About to run out of space on the volume hosting a DFS folder target? I just about did, and had to take quick steps to move to a bigger volume. This page describes the process and commands used.
Note: This process will perform an initial replication within your replication group. As far as I’ve found, there is no way around it, so make sure you’re scheduling enough time for this to complete.
Note #2: A lot of this information was provided by Ned Pyle with Microsoft, through correspondence and the Ask DS blog. See this blog post for more information: http://blogs.technet.com/b/askds/archive/2010/09/07/replacing-dfsr-member-hardware-or-os-part-2-pre-seeding.aspx#comments
One of our replication groups is approaching 800 GB and almost 1 million files, and growing; and we were down to 2 GB free space remaining on the volume. Our environment at the time was fully Server 2008 x64.
After creating a larger volume for the files to move to, you will begin with Pre-Seeding your data. As recommended in the Ask DS post above, this should be a one-time operation. It was difficult for us to schedule this copy along with a time window for the initial sync, but we managed.
If you can, disable the folder targets so changes aren’t made during your file copy:
dfsutil property state offline \\domain.ca\files\jobs \\server\jobs$
The last two values of that command is the DFS path, and the folder target. Do this for each folder target.
Our pre-seed command was:
Robocopy.exe d:\jobs e:\jobs /b /e /copyall /r:6 /NFL /NDL /MT /xd dfsrprivate /log:robo.log /tee
It is VERY important that your destination folder does not exist before you pre-seed. Let the robocopy command create it for you. You can also use other pre-seed options mentioned in the Ask DS post above.
After the pre-seed, you’ll want to confirm DFSR recognizes the files as identical. If you don’t do this, you will get a ridiculous amount of conflicts in the event log during the inital sync. Trust me, I know this through experience.
To check the files you’ll need Server 2008 R2 or Windows 7 RSAT, and this command:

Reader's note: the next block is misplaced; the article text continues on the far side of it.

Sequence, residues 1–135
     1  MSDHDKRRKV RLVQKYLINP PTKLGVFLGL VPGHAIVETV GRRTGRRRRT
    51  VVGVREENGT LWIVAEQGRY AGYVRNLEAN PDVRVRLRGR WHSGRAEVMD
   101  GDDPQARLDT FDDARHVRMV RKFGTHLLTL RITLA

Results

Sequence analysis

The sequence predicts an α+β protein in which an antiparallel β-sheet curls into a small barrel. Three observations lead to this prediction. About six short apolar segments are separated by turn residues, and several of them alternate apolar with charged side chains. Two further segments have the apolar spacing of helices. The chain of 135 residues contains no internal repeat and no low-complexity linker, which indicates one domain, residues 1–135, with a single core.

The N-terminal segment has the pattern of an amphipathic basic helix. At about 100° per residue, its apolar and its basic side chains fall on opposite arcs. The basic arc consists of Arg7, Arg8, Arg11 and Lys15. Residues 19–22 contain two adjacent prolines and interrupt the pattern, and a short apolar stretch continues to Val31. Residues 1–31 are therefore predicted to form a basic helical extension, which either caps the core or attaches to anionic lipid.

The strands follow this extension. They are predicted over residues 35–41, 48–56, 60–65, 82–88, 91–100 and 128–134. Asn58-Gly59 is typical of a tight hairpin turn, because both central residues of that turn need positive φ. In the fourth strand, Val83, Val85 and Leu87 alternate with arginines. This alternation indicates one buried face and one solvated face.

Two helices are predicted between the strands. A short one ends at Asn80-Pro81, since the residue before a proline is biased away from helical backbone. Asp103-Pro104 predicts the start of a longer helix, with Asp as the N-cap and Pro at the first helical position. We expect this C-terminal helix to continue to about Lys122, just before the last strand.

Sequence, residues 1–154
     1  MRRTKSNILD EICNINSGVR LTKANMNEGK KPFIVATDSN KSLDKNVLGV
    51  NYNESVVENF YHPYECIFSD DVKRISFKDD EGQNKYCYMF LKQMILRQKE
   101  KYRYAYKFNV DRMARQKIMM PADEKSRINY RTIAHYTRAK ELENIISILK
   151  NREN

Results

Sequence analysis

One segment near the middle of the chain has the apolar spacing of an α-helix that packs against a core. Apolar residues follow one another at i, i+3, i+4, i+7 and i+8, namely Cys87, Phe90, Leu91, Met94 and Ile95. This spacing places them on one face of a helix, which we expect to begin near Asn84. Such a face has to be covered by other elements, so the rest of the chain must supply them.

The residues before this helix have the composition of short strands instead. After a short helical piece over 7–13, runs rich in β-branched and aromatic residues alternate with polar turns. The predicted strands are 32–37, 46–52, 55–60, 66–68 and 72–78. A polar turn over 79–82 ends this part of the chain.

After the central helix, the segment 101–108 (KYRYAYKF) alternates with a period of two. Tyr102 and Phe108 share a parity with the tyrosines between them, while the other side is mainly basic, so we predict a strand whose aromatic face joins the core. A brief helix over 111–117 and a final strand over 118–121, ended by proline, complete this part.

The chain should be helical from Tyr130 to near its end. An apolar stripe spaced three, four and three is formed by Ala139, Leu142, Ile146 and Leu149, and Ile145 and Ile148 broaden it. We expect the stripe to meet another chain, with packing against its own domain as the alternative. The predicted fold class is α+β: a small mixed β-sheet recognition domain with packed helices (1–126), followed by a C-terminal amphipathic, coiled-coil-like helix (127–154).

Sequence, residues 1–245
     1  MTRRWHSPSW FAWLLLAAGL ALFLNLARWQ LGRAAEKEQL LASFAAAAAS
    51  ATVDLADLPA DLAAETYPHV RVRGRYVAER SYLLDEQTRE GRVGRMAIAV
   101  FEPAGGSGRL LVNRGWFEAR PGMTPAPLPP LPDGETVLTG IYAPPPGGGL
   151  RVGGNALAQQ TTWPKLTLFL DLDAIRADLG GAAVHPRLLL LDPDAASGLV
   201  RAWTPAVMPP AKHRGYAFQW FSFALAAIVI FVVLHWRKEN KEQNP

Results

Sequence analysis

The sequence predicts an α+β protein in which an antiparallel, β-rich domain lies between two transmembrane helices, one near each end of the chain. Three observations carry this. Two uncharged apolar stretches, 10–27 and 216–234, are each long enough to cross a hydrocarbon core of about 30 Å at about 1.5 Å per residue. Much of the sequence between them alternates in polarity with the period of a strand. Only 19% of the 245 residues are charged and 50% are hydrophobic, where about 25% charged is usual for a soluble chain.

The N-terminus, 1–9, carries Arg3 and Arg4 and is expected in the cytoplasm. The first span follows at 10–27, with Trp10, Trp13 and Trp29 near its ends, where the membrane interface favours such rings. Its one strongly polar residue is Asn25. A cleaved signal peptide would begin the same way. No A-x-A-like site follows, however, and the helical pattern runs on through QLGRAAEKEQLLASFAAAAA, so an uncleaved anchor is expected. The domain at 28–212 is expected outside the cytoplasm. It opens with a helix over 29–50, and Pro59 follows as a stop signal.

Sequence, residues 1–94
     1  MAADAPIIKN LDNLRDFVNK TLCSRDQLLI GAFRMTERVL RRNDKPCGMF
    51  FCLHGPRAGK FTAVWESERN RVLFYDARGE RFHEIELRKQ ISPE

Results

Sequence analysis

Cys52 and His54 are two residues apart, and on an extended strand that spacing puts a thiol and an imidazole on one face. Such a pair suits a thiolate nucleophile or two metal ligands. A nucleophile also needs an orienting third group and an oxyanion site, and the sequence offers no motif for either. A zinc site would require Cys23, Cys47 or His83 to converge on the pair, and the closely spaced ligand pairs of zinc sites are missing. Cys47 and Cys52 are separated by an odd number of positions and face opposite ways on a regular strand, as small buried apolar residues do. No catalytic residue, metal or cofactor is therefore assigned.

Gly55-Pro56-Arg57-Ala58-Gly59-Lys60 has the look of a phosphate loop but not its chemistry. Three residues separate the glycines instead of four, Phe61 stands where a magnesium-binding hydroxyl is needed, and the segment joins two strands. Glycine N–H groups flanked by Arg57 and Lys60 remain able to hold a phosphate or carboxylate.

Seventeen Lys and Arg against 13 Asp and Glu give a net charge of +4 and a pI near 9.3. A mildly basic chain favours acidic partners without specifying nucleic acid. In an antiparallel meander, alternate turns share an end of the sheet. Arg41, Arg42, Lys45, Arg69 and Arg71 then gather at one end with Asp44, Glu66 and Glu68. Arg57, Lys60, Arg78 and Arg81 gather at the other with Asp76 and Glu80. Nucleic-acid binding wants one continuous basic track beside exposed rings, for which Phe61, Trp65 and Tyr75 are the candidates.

dfsrdiag.exe filehash /FilePath:"\\server\f$\Jobs\file1.txt" dfsrdiag.exe filehash /FilePath:"\\server\e$\Jobs\file1.txt"
The same CRC value should be returned for each command. If not, then you’ve got a problem somewhere in your pre-seeding.
Change Share Path
Now you need to change the share target, so that the folder target will still be \\server\jobs$ (or whatever you’re using).
Open Regedit and navigate to: HKEY_LOCAL_MACHINE\System\CurrentControlSet\Services\LanManServer\Shares
Find the REG_MULTI_SZ entry that corresponds to the DFS share and modify only the “Path” line to refer to the new path.
In my case, I changed Jobs$ share from F:\ to E:\. A restart is required before this takes effect, but we waited until after the next command.
Transfer DFSR Membership Settings
Now you need to tell DFSR that the location has changed. This is the command that starts the initial replication. Make sure this command is all one line.
dfsradmin membership set /rgname:domain.ca\files\jobs /rfname:Jobs /memname:domain\sw3010 /localpath:E:\Jobs /membershipenabled:true /stagingpath:E:\Jobs\DfsrPrivate\Staging /stagingsize:24000 /cdsize:660 /membershipdfsfolder:\\server\jobs$ /isprimary:false /force
Now restart the server. Once Windows comes back up, it will begin initial replication. You can check the progress by checking the backlog:
dfsrdiag Backlog /receivingmember:server1 /sendingmember:server2 /rgname:domain.ca\files\jobs /rfname:Jobs
In my environment, initial replication of ~800 GB and 1 million files takes approximately 8 hours.
Once initial replication is complete, make sure you re-enable the folder targets:
dfsutil property state online \\domain.ca\files\jobs \\server\jobs$
Now you’re done! Do a full backup after this is complete, and then delete the original source folder.